Feed Strategy - January 2018 - 23
FeedStrategy ❙ 23
said Scott Sechler, owner and president of Bell & Evans, a
U.S.-based organic broiler producer.
The company recently announced the transition
of its entire flock to a slow-growing strain, the Das
Klassenbester, in 2018. The new breed's growth cycle will
be extended by more than 15 percent (47 to 50 days).
"We are estimating that our Das Klassenbester breed
will require between 25 to 33 percent higher feed conversion to reach the same 5.6 pound average live weight we
see now," Sechler said.
The company estimates it will spend an additional $14
million in feed per year, but he believes the cost will be
offset by increased chicken sales.
"Our chickens already receive a high-quality feed,
and that won't change, regardless of the increased feed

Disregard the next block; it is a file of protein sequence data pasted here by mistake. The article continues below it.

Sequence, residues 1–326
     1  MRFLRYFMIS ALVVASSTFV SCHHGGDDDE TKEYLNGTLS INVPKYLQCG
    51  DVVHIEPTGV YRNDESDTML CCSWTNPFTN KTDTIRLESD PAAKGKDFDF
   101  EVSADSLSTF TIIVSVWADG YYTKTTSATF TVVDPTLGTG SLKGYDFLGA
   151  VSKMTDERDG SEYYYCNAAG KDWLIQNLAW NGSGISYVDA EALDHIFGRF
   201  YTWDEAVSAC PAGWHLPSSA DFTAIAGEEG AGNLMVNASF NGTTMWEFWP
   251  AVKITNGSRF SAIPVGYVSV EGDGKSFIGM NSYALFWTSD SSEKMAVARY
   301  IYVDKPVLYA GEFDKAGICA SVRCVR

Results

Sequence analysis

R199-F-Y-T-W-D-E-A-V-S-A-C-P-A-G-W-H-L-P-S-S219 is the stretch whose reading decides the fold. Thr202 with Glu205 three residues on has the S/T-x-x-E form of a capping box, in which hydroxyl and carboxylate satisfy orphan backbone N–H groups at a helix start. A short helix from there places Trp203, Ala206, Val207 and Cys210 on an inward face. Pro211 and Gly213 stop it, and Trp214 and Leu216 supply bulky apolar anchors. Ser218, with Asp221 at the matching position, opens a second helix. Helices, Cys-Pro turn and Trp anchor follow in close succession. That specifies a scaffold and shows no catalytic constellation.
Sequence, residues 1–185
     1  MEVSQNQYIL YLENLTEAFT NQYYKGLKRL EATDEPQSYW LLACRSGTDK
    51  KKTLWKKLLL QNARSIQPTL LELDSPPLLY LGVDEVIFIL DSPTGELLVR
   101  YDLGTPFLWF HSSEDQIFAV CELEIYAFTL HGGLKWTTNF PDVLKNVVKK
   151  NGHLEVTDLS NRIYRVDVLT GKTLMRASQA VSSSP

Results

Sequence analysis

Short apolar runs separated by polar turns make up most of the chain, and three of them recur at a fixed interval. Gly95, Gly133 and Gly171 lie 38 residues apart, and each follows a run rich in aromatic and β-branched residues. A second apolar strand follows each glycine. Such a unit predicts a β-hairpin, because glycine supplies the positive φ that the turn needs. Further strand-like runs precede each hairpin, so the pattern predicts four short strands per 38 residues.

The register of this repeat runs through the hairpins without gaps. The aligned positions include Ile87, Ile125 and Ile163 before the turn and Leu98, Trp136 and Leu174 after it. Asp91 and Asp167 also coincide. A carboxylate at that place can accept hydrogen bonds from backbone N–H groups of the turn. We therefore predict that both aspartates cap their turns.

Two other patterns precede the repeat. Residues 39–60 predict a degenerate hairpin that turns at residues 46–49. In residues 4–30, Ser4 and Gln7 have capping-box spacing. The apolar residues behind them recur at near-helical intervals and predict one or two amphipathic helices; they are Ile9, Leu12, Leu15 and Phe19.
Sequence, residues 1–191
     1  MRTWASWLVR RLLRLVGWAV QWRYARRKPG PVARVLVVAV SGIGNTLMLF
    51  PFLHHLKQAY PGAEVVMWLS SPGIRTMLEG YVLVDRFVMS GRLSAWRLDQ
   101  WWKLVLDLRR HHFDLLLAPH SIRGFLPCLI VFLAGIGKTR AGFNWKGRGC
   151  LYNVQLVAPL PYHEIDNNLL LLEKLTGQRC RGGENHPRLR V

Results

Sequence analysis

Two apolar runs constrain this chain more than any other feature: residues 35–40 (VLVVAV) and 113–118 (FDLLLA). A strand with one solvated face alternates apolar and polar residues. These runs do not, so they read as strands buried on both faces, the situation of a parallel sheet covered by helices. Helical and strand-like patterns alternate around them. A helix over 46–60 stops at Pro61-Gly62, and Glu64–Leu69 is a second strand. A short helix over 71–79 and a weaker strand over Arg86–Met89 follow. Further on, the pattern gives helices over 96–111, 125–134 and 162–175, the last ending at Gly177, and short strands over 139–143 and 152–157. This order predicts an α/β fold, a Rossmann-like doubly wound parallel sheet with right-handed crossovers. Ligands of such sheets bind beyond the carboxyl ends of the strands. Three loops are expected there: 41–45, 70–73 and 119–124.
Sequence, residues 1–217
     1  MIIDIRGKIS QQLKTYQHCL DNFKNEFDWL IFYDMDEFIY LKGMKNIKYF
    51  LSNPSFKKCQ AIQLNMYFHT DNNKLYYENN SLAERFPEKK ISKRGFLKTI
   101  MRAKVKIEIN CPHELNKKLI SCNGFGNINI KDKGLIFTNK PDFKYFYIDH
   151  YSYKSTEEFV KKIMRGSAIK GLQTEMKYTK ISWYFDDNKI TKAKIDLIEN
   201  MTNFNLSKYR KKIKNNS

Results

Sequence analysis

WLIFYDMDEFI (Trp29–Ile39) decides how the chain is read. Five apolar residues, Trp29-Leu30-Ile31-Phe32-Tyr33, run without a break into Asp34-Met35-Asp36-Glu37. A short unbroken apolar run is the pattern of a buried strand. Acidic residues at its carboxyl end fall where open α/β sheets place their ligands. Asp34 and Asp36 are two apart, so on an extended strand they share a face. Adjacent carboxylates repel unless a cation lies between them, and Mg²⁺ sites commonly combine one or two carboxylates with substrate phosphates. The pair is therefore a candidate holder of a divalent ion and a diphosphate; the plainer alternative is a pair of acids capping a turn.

conversion," Sechler said, also noting Bell & Evans'
flock is 100 percent antibiotic free. "We've always tried
to slow down the growth of the faster-growing breeds by
January 2018 ❙ www.WATTAgNet.com
offering our chickens a high-quality, well-balanced blend
of U.S.-grown corn and extruded and expeller-pressed
soy, along with our own blend of essential oils like
oregano, cinnamon and yucca. We don't overfeed them
or add fillers to plump them up."
Ultimately, Bell & Evans' goal is to "raise a bettertasting chicken," but detractors of the slow-growing birds
cite the environmental impact of heritage strains (longer life = greater footprint) and the need for additional
chicken production to make up for supply deficits as their
downfall in commercial production.
Driven by the animal welfare movement,
California's Proposition 2/AB1437 and retailer's
pledge to only purchase cage-free eggs by 2025, the
U.S. cage-free egg production has nearly doubled.
According to the American Egg Board's October 2017